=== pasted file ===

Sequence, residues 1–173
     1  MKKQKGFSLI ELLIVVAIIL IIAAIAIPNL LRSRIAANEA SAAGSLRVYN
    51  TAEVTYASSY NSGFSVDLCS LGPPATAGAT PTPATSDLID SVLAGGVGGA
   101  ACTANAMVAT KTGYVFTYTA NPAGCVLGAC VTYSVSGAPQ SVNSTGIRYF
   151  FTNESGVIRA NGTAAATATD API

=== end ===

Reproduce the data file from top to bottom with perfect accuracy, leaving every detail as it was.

Sequence, residues 1–173
     1  MKKQKGFSLI ELLIVVAIIL IIAAIAIPNL LRSRIAANEA SAAGSLRVYN
    51  TAEVTYASSY NSGFSVDLCS LGPPATAGAT PTPATSDLID SVLAGGVGGA
   101  ACTANAMVAT KTGYVFTYTA NPAGCVLGAC VTYSVSGAPQ SVNSTGIRYF
   151  FTNESGVIRA NGTAAATATD API